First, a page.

An Apple patent (number 20110135011) for adaptive dithering during image processing has appeared at the US Patent & Trademark Office. Systems and method are provided for adjusting certain pixel values in an image.

In an embodiment of the invention, an average pixel value of pixels at given distances from a selected pixel are examined to determine if the pixel is in a high-contrast area. If the pixel is in a smooth color gradient transition area, the pixel value may be adjusted in some embodiments using an additional dither or dither pattern to reduce differences between the pixel values of the selected pixel and the additional average pixel values exceeding the lower threshold. The inventors are Alex Eddy and Nick Burns.

Here’s Apple’s background and summary of the invention: “When image data, such as data representing a photograph, picture, or video, is processed electronically by a computing device, the device may not be able to display the original image with complete fidelity. In some instances, artifacts not found in the original image may appear in the electronically-processed image. For example, in some electronically processed images, discrete color bands with various intensities and color levels may appear in lieu of smooth color transition gradients contained in the original image. These banding artifacts may become even more noticeable in resource or bandwidth limited devices. Image processing resources may be determined by various factors including the color space implementation, compression algorithms, and color correction implementation.

” Many electronic and computing devices use technologies based on a fixed bit color space implementation which limits the possible number of different colors used. For example, video cards and processors in many digital devices such as computer and video game consoles may be configured to process images in 8 bit, 16 bit, and/or 24 bit RGB color models. In a 16 bit RGB color model there are generally 2.sup.16 or 65,536 different possible colors, typically with 2.sup.5 or 32 different shades of red and blue, and 2.sup.6 or 64 different shades of green assignable to each pixel. In a 24 bit color model there may be up to 2.sup.24 or 16,777,216 different possible colors with 2.sup.8 or 256 different shades of red, green, and blue assignable to each pixel. While having over 16.7 million different possible colors may seem large, the human eye is still able to detect changes from one color to the next.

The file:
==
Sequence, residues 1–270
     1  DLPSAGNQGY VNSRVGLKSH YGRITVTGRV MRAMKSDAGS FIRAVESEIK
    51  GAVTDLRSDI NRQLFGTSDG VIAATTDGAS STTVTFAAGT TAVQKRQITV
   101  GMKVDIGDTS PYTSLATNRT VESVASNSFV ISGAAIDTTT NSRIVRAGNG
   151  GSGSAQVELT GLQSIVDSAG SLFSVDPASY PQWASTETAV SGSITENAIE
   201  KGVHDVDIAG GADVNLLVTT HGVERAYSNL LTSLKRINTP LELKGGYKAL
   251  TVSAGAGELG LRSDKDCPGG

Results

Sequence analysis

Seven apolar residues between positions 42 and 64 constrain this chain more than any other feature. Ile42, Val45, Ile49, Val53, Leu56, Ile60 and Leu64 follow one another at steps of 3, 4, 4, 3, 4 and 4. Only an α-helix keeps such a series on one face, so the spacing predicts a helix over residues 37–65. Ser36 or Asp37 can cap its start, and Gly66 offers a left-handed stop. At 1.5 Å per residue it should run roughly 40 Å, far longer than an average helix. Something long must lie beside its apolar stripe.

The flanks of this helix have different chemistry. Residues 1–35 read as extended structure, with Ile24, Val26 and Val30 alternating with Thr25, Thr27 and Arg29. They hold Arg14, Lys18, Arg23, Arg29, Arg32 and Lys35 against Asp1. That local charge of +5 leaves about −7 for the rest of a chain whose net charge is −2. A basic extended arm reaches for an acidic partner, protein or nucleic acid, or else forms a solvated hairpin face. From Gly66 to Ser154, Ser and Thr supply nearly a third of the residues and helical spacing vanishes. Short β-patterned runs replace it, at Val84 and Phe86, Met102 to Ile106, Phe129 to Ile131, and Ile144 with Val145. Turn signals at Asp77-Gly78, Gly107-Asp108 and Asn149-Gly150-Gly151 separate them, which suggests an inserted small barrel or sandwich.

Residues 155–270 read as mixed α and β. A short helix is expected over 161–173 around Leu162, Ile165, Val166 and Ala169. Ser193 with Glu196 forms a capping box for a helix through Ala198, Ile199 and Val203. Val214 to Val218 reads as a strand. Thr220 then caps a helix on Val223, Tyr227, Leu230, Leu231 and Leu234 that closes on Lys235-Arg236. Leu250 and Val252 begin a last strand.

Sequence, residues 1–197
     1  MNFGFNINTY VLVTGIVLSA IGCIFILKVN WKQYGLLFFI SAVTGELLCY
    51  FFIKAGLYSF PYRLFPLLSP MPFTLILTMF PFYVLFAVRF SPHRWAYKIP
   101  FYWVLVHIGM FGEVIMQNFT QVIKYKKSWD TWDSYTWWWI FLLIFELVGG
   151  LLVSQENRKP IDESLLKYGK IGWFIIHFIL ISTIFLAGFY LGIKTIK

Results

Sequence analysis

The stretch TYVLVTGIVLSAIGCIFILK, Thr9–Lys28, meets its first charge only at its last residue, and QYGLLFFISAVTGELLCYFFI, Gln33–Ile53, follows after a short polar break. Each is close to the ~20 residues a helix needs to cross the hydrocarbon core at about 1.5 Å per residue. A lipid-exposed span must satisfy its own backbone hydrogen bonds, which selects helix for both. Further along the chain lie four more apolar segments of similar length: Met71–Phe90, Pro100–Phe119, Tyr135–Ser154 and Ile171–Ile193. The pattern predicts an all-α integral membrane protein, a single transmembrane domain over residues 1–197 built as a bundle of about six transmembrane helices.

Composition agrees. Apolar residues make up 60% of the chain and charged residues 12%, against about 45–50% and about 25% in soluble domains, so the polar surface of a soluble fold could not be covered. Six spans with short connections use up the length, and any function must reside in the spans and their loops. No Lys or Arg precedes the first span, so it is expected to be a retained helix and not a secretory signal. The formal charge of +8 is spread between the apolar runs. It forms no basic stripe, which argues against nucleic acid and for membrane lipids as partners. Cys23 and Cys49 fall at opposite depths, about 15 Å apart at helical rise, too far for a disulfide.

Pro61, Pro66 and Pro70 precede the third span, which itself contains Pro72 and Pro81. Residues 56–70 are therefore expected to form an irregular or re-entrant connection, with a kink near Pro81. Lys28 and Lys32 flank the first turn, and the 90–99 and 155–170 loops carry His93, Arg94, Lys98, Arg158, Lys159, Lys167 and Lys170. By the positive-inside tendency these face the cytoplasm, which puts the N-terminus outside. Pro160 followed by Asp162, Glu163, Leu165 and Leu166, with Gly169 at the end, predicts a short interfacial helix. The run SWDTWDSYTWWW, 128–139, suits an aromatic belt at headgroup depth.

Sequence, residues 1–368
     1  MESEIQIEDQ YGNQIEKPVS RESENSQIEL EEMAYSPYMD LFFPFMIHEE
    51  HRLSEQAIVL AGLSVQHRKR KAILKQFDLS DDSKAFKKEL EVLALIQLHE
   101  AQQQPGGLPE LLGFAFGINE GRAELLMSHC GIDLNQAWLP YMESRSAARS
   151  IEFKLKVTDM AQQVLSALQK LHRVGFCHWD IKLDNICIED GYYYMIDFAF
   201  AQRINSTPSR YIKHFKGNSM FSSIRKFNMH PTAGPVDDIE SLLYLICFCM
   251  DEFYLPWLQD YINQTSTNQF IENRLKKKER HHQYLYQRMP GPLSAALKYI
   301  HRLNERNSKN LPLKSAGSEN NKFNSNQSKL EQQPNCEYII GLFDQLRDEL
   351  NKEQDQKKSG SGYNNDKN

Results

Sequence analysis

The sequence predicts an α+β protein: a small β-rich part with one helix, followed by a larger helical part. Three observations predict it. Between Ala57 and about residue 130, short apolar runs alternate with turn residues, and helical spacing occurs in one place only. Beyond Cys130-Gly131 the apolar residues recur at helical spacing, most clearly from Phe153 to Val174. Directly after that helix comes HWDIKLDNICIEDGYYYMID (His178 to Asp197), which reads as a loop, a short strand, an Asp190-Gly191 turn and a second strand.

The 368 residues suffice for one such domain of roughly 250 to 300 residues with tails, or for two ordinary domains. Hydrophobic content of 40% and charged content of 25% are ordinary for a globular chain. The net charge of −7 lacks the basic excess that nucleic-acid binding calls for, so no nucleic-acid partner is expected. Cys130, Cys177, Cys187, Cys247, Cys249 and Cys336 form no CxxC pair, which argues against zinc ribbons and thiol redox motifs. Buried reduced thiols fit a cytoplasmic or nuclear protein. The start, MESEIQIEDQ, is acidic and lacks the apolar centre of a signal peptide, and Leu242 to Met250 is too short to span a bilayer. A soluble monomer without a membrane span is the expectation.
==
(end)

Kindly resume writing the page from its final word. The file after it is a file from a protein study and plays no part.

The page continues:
“Many electronic and computing devices also use various lossy image compression techniques to maximize use of image processing resources. Often, these lossy image compression techniques further exacerbate banding artifacts in electronically processed images. Lossy image compression techniques, such as JPEG, MPEG, and H.264, exacerbate banding artifacts by reducing the number of colors in an image to save space. For example, some compression methods examine small pixel blocks in an image and average out different colors in each block using a transform function, such as a discrete cosine transform to even out the color and reduce the total number of colors. By further reducing the number of available colors, the differences between different color shades and transition bands become even more pronounced.

“While it may be desirable to reduce banding artifacts in smooth color transition areas of an image, it may also be desirable to maintain definite color transition bands in certain high contrast areas of an image. For example, sections of an image involving contrasting colors, such as those found in an image of an intricate Oriental carpet may contain definite transition bands between the contrasting regions to maintain sharpness and detail. Removing these definite transition bands may result in a loss of detail and a perception of a lower image quality.

“Thus, there is a need to reduce banding artifacts in smooth color gradient transition areas of an image while maintaining definite transitions between colors in areas with greater contrast.”

— Dennis Sellers